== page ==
This page is the blow-by-blow of my adventures making
an pan for the first time. I have never made anything
breadlike from scratch ever in my whole life, so I knew
that this was going to be a learning experience. Little
did I know how much I had to learn! I've written this
as a set of directions, because if I write it in the
past tense, describing my travails in the first person,
I'll be forced to relive them and probably break down crying.
What you'll need (makes 3 dozen!):
1 package of dried, active yeast
1/4 cup of
1 cup of boiling water
1 cup of sugar
4 1/2 cups of flour
yolk or melted butter (optional - bun coating)
sesame seeds (see above)
2.5 cups of anko, canned
Wax paper or some other surface for
working the dough
A free afternoon
Look at the list and read the recipe over. Make note
of anything you need - some more flour, as you're almost
out, and eggs, and yeast, and shortening. And mixing
bowls, because otherwise you'd be mixing things in cooking
pots. Go out to the grocery store and buy the stuff,
then skip merrily home, gleefully anticipating some
hours of work and a yummy reward.
Mix the yeast with the warm water in a cup. In a
large mixing bowl combine the boiling water, shortening,
sugar, and salt. Mix well to melt the shortening. Keep
mixing because the last few lumps don't seem to wanna
mix. Mush them up. That gets them to mix. Mostly.
Let it cool to lukewarm. Then pour in the yeast mixture.
Beat the two eggs and mix 'em in. Then add flour. Start
with the package you already had, which has 2 cups left.
Put that in and mix. Then get the package you just bought...
where is it? You set all the things you were going to
use on the counter before putting the other stuff away!
What happened to the flour you know you bought? Did
you leave it in the cart, or leave the bag in the store?
It's not here! Get annoyed with yourself for being such
a dingbat and run out and buy another package of flour.
Get back home and measure off the rest of the flour,
hoping that the 20 minute wait won't screw things up.
Mix. Mix. It doesn't get as smooth as you think it should,
but what do you know about dough that doesn't come in
a stick and isn't for chocolate chip cookies?
Decide that it's as good as it's gonna get and dump
it onto the floured wax paper. Do the massagey stuff
that you assume is the way to knead bread. The goo sticks
to your fingers, making your hands get bigger and bigger
very rapidly. Scrape off the excess dough, mush it back
into the main mass, and wash your hands in the sink.
As you're turning away from the sink and drying your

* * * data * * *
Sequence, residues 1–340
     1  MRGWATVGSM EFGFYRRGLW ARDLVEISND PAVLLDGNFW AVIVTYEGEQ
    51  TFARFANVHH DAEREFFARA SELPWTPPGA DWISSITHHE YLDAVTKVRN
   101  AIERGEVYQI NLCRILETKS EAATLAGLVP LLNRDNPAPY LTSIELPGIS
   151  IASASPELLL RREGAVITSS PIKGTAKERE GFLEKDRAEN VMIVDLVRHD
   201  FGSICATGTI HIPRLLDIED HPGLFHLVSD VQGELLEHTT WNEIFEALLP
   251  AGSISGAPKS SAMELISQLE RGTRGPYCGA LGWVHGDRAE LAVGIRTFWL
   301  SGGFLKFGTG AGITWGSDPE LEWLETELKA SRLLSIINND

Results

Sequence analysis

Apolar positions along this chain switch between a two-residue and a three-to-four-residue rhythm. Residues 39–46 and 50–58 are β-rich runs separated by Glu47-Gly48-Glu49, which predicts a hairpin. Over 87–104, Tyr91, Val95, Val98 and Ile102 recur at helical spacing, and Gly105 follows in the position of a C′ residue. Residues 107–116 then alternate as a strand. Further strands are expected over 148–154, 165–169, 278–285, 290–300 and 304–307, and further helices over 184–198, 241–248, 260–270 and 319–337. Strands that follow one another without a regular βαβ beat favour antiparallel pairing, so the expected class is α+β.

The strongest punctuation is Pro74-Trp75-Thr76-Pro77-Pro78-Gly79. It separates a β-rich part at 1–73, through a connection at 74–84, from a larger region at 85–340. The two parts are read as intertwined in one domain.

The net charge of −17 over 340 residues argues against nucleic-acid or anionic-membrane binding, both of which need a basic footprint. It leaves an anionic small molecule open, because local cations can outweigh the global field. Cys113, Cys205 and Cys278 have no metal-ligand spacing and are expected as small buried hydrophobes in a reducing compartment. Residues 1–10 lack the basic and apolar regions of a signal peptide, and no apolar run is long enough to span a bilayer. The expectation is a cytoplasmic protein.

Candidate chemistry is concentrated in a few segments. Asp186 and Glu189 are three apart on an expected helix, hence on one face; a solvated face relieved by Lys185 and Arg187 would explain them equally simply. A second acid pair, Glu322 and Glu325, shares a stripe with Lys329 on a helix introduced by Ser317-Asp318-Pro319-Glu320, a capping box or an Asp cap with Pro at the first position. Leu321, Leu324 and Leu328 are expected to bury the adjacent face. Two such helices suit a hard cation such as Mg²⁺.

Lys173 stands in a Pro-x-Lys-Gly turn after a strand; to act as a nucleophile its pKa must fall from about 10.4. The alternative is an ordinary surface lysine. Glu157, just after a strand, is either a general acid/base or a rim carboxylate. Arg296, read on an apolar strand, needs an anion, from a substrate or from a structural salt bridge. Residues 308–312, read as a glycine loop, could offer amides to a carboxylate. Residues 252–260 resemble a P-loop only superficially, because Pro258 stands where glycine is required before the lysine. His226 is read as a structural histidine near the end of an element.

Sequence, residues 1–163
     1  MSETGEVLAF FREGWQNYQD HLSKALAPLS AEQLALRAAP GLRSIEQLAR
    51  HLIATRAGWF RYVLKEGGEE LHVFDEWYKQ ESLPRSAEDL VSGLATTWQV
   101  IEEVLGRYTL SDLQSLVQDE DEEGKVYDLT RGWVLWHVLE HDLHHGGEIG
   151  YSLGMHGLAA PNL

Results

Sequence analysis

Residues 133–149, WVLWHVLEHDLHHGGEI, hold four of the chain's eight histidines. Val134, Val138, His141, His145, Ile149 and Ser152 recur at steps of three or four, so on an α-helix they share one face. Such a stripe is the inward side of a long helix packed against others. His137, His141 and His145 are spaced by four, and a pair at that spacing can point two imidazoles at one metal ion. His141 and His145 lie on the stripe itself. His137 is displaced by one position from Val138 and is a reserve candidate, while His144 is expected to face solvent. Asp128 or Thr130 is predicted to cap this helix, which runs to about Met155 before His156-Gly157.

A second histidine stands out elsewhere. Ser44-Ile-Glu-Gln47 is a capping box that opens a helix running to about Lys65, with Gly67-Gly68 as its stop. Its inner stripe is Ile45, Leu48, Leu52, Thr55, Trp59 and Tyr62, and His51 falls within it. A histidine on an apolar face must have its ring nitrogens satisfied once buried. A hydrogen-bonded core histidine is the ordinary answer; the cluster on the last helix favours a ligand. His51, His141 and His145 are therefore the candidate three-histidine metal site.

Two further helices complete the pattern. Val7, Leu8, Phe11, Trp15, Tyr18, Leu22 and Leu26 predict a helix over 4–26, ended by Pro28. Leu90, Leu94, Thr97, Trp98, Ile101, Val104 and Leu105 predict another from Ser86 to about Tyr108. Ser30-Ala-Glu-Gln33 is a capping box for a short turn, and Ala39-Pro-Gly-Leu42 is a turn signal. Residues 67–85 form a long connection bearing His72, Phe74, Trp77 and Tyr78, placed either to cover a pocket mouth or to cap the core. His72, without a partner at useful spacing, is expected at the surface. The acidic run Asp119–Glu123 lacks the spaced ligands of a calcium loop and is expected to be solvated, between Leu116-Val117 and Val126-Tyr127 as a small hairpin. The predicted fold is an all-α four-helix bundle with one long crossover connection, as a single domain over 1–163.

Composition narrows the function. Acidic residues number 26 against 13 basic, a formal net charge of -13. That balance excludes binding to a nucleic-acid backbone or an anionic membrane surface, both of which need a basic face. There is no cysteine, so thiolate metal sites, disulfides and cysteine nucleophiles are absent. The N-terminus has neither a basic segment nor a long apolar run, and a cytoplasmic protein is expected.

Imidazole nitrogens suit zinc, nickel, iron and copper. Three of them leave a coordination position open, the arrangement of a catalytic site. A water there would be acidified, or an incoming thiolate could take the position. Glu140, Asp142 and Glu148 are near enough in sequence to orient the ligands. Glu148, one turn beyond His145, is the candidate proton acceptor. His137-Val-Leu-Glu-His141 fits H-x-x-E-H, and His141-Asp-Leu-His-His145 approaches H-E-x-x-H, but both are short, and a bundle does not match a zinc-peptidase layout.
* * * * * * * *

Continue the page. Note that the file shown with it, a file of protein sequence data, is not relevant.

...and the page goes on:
hands with a paper towel, knock over the flour bag.
It will hit the floor like a small bomb and toss more
flour around than it could possibly contain.
Leave the bag and all the flour where it is, except
for the stuff you know you will track all over the kitchen.
Go back to the dough. Knead it until it starts looking
like dough ought to. More or less. It's a bit fissured,
but what the hey. Grease the largest of the bowls and
put the dough inside. Discover that you can roll the
dough around inside by moving the bowl in complex patterns.
Congratulate yourself on your cleverness. Then put the
bowl down with a cookie sheet on top so it can rise.
That leaves the next 60 to 90 minutes free. Use the
first part in cleaning up the spilled flour. Find out
that a Dustbuster ain't nowhere near equal to the task.
Broom, pan, paper towels. Flour has gluelike properties
when moistened, and it exhibits them now. Cuss some
more. When you're done with that, eat a Snicker's bar
because you're bloody frustrated. Then change out of
the floury clothes and play Dance Dance Revolution,
workout mode, to burn off those 240 calories, which you
did not need.
After an hour check the dough. It hasn't doubled
its size. Play more DDR while waiting. At 90 minutes
decide it's big enough. Wash up and then punch the dough
down. It feels good to smack that stuff around!
Then roll it back into a ball and wait for 10 more minutes.
Use the time to grease one cookie sheet. Three dozen
rolls will take more than one sheet, but you can bake
them in shifts, no problem.
Glance into the cabinet and see, right next to some
cereal and other boxed food... you guessed it, the missing
bag of flour. It was here all along, and if you'd just
looked up there you wouldn't have had to run out to
the grocery store! Feeling like a double dumbhead, you
blame it on invisible elves, the same ones that hide
Lightly flour your hands and the wax paper
with some of the flour from the open sack that actually
didn't spill out. Pull out a walnut-sized glob
of dough. Roll it into a ball and flatten it into
a circle on the waxed paper. Put a tablespoon of anko
in the center and pull the dough over it, pinching the
edges shut. The edges don't stay shut too securely.
Pinch again, then try to make the resulting square